1. In an action for damages to private property instituted under Article I, Section III, Paragraph I, of the State Constitution, and Code 95-1710, allegations showing the nature of the cause, describing the property damaged, and relating the manner in which the property was damaged in the construction of a designated State highway, are proper and necessary to set forth the plaintiffs' case, hence are not subject to demurrer on the ground that they are irrelevant and immaterial to the cause alleged in the petition.
2. Averments that a fill was constructed adjacent to the plaintiffs' fertile field 60 feet high, 1379 feet long, with a 4-foot culvert at its base, resulting in water from 114 miles along the highway being cast in great quantities upon the field, inundating it and rendering it valueless, were directly pertinent facts and not subject to the criticism that they were conclusions of the pleader or irrelevant to the cause set out in the petition.
3. The allegation in a petition brought to recover damages under the constitutional provision and Code section referred to in headnote 1 that "as a result of the negligent construction of said highway, the value of plaintiffs' property has diminished in value not less than $5000, which amount plaintiffs have been injured and damaged," was not subject to demurrer on the ground that the damages claimed were appropriate solely to an action sounding in tort or for the maintenance of a continuing nuisance and were not recoverable in an action of the nature instituted. The petition clearly showed that the damages sued for were such as could be recovered regardless of whether the defendant was prudent or negligent in the construction of the highway which resulted in damage to plaintiffs' property. The word "negligence" as used in the criticized phrase was harmless surplusage. Perkerson v. Mayor &c. of Greenville, 51 Ga. App. 240 (180 S. E. 22); Habersham County v. Knight, 63 Ga. App. 720 (12 S. E. 2d 129). Nor was the quoted allegation subject to demurrer on the ground that it was a conclusion alleged in the petition.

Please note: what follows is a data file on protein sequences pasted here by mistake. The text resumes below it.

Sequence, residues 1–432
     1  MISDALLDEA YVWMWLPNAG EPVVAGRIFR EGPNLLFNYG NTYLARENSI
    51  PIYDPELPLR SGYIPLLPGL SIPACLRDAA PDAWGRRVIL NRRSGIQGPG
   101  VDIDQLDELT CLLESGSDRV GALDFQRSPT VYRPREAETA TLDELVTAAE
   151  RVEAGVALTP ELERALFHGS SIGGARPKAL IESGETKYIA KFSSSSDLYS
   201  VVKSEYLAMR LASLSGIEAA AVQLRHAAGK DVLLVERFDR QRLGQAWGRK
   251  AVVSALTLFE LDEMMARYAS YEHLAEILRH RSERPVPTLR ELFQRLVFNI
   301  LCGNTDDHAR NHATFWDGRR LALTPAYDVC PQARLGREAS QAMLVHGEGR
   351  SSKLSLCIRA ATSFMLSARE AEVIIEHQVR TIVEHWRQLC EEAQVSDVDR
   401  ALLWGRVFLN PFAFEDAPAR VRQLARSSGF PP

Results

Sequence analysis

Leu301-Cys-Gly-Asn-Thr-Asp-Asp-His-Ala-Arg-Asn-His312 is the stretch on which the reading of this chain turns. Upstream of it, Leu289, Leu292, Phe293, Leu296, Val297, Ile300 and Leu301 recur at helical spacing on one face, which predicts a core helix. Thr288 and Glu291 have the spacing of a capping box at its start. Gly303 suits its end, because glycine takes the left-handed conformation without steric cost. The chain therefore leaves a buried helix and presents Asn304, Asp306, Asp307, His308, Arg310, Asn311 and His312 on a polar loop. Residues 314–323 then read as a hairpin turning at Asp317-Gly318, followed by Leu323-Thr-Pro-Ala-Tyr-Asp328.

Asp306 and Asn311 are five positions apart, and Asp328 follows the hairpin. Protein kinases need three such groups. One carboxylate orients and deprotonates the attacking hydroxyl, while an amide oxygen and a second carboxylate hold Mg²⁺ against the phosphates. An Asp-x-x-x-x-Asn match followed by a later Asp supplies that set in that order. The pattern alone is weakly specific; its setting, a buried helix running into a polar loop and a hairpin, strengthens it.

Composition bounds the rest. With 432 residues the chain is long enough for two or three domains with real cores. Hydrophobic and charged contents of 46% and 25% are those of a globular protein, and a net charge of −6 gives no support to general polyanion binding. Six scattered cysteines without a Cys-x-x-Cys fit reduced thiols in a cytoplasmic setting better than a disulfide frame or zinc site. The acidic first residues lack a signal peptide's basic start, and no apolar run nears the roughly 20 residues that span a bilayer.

4. The petition showed the nature and extent of the damage done to plaintiffs' field.
5. Had the demurrer been predicated upon the failure of the petition to allege the correct measure of damages, a different question would have been presented. Jones v. Richmond County, 61 Ga. App. 857 (7 S. E. 2d 754).
6. Under the rules stated in the preceding headnotes there was no error in overruling the general and special demurrers which were directed against the petition.
7. A motion to purge directed only against the allegation that the plaintiffs' property was damaged in constructing the State highway and made on the ground that the averment attacked was irrelevant and immaterial was, under authority of Calhoun v. Dooly County, 65 Ga. App. 482 (15 S. E. 2d 816), properly overruled.
ON MOTION FOR REHEARING.
In Jones v. Richmond County, 61 Ga. App. 857, supra, a ground of demurrer that a paragraph "was too vague and indefinite to put the defendant on notice of What the plaintiff contended was a measure of damages," was sustained. However, it does not appear from the record in that case that the question of the sufficiency of the demurrer to raise the question as to whether the petition set forth the wrong measure of damages was raised or specially passed upon. This court in Hoffman v. Louis L. Battey Post, etc., American Legion, 74 Ga. App. 403 (39 S. E. 2d 889), followed the ancient and well recognized rule that a special demurrer must not only point out the defect in the pleading attacked but must also specially state the reason why such pleading is subject to the criticism made of it. In that case it was held (p. 414): "While under the state of the pleadings in this case it may be that the allegation as to the damages sought by reason of having paid the defendants' one-half of the budget expenses might have been subject to special demurrer--considered as such, the defendants' demurrer fails to fulfill this office. A special demurrer, being itself a critic, must be perfect and the party demurring 'must lay, as it were, his finger on the very point,' otherwise the demurrer will be overruled."
Authority for the holding is found in Scott v. Central of Ga. Ry. Co., 18 Ga. App. 159 (88 S. E. 995), and in a host of other cases.